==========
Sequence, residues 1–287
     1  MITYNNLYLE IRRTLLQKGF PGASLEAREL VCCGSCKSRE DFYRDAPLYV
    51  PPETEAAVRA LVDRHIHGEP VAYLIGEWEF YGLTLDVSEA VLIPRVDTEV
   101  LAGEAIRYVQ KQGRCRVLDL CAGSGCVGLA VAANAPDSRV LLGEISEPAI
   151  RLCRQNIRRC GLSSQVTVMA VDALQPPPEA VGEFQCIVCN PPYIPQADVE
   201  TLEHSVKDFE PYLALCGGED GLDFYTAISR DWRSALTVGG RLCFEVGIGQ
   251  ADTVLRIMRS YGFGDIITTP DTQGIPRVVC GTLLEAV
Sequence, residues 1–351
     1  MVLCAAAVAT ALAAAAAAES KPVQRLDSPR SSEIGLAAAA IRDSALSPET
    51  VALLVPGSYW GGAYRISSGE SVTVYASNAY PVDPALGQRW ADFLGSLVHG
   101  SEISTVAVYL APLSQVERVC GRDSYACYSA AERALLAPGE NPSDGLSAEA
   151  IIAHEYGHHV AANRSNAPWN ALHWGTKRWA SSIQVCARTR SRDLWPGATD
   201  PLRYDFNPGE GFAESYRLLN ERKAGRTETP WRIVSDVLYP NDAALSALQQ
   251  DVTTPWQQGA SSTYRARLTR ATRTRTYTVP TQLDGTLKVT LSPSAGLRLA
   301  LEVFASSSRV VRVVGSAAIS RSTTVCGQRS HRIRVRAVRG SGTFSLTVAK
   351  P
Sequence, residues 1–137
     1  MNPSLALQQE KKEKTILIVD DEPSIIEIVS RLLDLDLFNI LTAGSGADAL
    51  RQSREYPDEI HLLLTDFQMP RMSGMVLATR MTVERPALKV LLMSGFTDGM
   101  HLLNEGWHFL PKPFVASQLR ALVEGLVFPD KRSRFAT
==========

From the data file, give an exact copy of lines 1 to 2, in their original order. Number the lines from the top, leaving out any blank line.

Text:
Sequence, residues 1–287
     1  MITYNNLYLE IRRTLLQKGF PGASLEAREL VCCGSCKSRE DFYRDAPLYV